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Biomimicry has ratings and reviews. Smellsofbikes said: I want to like this book, and I agree with her underlying theses. I enjoy reading all t. Janine Benyus is the Co-founder of Biomimicry She is a biologist, innovation consultant, and author of six books, including Biomimicry: Innovation Inspired. Janine Benyus for Center for Biologically Inspired Design. “Biomimicry (from bios, meaning life, and mimesis, meaning to imitate)is a new science that studies.

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So I think biomimicry is playing very well there.

May 25, Julie is currently reading it. Ultimately, what this book says is less important and blameworthy than its approach. Biomimicry has an interesting idea and the author did a lot of research, but it would be better without nearly as much detail about how proposed processes work.

Janine Benyus: Biomimicry in action | TED Talk

You don’t realize benyuss halfway through that the book was written in the s – kind of amazing, given that i I’ve had a huge rapprochement with bio and nature lately, and this book really hit the spot. Foodstuff and energy production that support humans require a vast excess, because we are, fundamentally, parasites on our foodstuffs and our energy sources, and with the population pressure we have, there aren’t any natural processes that can sustain themselves and us too.

When I finally had to name it, I went to the dictionary and I looked up the Greek for bio and mimesis and I came up with biomimicry. In this book she develops the basic thesis that human beings should consciously emulate nature’s genius in their designs.

Benyus has authored six books on biomimicryincluding Biomimicry: Anyways, despite this book being a bit outdated, and despite a few sections of way-too-drawn-out-biology for my liking, I still really enjoyed this book. Along the way, Benyus has garnered two honorary doctorates and a clutch of prestigious awards and honors. Sep 19, Steve Voiles rated it it was amazing Shelves: If we understand that as we try to move from a linear, mechanical kind of metaphor to a living systems benyjs — a circular one — we actually have the chemistries and the best practices at our fingertips.


Many of the promising technologies that the author touts here have fizzled and found themselves to be not worth pursuing. Added to this was the inability of the benyhs to recognize fundamental truths about design and creation that were staring her in the face and that were pain I want to make it plain at the outset that I did not like this book. We listen very carefully to the challenges that people have around sustainability. InBenyus co-founded the Biomimicry Guild with Dr. Some parts of it I found really interesting, some not enough developped or a little bit too far biomiimcry, only full of descriptions of new developping technologies and some of them, according to wikipedia, finally failed or weren’t viable.

This books explains all aspects of science, from Biology to Chemistry and a little bit of Physics too. Books by Janine M. How does nature grow and scale? Just check out a DVD from the library or rent one from your local video store if you don’t believe me.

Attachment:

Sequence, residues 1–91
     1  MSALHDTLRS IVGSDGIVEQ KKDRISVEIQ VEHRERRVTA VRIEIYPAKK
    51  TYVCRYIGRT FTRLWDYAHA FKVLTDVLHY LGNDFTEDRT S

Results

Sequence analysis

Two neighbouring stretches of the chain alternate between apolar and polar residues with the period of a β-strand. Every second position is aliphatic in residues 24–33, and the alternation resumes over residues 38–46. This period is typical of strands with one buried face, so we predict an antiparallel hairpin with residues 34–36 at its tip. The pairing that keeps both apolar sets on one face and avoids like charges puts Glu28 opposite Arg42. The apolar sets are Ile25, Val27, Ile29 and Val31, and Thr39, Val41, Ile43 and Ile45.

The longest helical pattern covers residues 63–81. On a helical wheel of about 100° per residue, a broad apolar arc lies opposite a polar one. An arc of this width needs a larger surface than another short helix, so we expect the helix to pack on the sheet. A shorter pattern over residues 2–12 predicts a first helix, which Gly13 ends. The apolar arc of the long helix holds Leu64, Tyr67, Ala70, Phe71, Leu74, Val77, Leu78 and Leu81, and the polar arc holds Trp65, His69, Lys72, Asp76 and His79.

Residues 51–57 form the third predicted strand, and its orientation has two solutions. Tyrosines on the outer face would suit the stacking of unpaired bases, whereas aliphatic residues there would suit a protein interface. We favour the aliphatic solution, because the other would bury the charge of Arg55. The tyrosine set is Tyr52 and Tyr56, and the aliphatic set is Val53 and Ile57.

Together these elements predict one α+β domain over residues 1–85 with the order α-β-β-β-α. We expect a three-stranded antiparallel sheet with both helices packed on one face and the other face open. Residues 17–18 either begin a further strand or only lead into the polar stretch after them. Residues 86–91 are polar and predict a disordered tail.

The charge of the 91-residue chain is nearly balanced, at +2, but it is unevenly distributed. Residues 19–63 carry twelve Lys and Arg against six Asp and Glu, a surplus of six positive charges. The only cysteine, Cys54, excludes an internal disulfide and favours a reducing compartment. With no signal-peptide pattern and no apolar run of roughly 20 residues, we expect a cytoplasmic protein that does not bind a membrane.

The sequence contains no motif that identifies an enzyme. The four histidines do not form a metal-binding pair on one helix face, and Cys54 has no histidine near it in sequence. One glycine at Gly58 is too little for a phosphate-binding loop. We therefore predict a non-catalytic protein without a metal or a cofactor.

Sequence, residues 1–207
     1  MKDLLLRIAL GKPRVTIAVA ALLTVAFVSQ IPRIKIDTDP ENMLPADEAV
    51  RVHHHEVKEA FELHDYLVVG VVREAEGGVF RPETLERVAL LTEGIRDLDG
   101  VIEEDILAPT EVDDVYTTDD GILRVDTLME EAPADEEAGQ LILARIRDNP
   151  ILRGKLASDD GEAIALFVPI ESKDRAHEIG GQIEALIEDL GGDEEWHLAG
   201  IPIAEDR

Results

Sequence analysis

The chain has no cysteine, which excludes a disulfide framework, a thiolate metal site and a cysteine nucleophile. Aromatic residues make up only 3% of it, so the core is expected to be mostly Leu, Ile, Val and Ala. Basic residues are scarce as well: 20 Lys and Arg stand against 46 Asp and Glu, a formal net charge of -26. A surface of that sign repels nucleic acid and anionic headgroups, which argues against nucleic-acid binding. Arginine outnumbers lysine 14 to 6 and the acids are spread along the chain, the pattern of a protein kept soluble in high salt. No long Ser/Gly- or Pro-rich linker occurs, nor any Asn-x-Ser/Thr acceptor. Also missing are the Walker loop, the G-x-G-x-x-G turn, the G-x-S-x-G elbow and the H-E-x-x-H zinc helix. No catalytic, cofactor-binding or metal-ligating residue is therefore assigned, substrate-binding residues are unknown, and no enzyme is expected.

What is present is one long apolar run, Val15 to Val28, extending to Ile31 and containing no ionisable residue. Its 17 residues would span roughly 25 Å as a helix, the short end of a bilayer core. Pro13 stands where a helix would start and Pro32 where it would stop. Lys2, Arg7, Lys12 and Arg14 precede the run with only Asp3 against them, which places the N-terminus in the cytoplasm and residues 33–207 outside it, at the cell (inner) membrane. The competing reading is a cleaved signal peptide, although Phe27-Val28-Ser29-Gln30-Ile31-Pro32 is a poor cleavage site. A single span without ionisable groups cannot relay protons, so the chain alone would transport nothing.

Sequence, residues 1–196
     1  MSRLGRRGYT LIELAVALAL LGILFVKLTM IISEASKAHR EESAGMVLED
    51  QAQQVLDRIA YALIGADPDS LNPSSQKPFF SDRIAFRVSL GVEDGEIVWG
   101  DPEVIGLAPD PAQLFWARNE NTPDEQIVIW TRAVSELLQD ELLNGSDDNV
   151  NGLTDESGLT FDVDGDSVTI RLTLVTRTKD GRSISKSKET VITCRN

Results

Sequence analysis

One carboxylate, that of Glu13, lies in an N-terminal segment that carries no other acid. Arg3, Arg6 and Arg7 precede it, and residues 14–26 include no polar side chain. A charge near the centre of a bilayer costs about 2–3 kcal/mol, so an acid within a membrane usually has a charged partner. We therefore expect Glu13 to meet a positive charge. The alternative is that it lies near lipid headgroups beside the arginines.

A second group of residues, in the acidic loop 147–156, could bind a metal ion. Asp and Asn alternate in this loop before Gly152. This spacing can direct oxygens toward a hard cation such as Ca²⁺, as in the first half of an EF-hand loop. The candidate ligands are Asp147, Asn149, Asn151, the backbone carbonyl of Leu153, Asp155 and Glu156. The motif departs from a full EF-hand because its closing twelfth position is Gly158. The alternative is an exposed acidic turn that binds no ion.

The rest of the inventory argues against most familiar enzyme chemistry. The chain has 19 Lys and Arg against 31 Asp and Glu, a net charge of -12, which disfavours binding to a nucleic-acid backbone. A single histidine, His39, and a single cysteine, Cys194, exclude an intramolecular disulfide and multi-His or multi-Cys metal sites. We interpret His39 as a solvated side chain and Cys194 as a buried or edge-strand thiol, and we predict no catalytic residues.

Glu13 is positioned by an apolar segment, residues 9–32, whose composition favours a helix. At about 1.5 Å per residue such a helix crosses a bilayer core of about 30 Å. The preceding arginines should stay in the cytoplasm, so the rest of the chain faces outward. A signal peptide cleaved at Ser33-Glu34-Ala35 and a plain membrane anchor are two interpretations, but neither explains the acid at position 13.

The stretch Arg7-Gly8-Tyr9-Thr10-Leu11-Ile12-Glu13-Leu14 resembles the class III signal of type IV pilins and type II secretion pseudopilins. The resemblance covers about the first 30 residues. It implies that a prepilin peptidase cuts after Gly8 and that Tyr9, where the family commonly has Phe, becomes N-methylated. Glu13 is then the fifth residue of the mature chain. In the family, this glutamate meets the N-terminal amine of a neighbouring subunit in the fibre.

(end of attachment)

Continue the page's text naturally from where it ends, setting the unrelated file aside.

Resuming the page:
Biomimicry: Innovation Inspired by Nature

This was where I started to feel like I was in a time warp, as she talked about the biological computers and suggested that early version may be available in the next 5 years or so What are the rules of mutualistic partnerships that maintain through time? If chaos theory transformed our view of the universe, biomimicry is transforming our life on Earth. The conversation has been edited for clarity and length. What was even more perplexing to me is the fact that, after all this technological talk, Benyus wrapped up the book by talking about how we should get back to nature, Iroquois style.

And what can we learn from that about the systems that we live in? The first thing I have to say about this book is that the concepts behind it are fabulous Views Read Edit View history. How do we do net-positive products?


Good ideas that are taken from nature’s 4 billion years of R and D. And what I said to the people at SHINE is that these are the touchpoints companies have, the opportunities for net-positive. However, I think this book is interesting as an artifact of zeitgeist of 20 years ago.

Biomimicry @ 20: A conversation with Janine Benyus

Sep 06, Egle Ghhe rated it really liked it. Given that the reader continually harps on the high level benyu design and skill it takes merely to mimic creation, it is striking that she is entirely blind to the intelligence and skill it took to create the same facets of plant and animal life that she views with such rapturous pleasure.

So, the real question is: Also, I’m an economist, and I was a bit miffed that Benyus only focused on interviewing “industrial ecologists” – a field I’m unfamiliar with, but that sounded a lot like environmental economics.

And therefore you need a chemistry that disassembles and assembles safely benyys life-friendly ways. I’ve had a huge rapprochement with bio and nature lately, and this book really hit the spot.

The basic premise is that we should be biomimkcry towards nature to solve all of our most pressing problems: But I persevered, I ploughed through the book even though early on I was quite disillusioned that this wasn’t the flashy “cool examples of nature in everyday English”. There are a few niomimicry of ideas in the book, but the tone veers too much toward preachy and has too many far-fetched oddities. There are too many brilliant models in the book of your people are doing things right.

The most exciting chapters, for me, were those on bilmimicry mimicking photosynthesis and medicine Big Pharma hunting for new meds in the rainforest. Benyus lives in Stevensville, Montana.